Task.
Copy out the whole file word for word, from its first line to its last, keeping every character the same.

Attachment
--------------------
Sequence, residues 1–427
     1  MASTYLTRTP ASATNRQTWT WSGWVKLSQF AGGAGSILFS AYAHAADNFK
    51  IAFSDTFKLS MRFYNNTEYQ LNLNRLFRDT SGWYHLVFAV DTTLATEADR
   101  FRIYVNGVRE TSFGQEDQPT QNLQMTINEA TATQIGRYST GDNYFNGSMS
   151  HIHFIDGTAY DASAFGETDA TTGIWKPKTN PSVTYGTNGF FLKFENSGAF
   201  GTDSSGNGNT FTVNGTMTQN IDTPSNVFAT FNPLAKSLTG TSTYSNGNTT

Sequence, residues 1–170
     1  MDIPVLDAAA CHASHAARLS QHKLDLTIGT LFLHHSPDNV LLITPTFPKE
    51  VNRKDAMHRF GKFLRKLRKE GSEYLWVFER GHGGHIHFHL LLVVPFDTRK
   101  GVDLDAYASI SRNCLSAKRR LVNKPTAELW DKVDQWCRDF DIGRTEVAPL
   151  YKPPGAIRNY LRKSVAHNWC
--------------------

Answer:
Sequence, residues 1–427
     1  MASTYLTRTP ASATNRQTWT WSGWVKLSQF AGGAGSILFS AYAHAADNFK
    51  IAFSDTFKLS MRFYNNTEYQ LNLNRLFRDT SGWYHLVFAV DTTLATEADR
   101  FRIYVNGVRE TSFGQEDQPT QNLQMTINEA TATQIGRYST GDNYFNGSMS
   151  HIHFIDGTAY DASAFGETDA TTGIWKPKTN PSVTYGTNGF FLKFENSGAF
   201  GTDSSGNGNT FTVNGTMTQN IDTPSNVFAT FNPLAKSLTG TSTYSNGNTT

Sequence, residues 1–170
     1  MDIPVLDAAA CHASHAARLS QHKLDLTIGT LFLHHSPDNV LLITPTFPKE
    51  VNRKDAMHRF GKFLRKLRKE GSEYLWVFER GHGGHIHFHL LLVVPFDTRK
   101  GVDLDAYASI SRNCLSAKRR LVNKPTAELW DKVDQWCRDF DIGRTEVAPL
   151  YKPPGAIRNY LRKSVAHNWC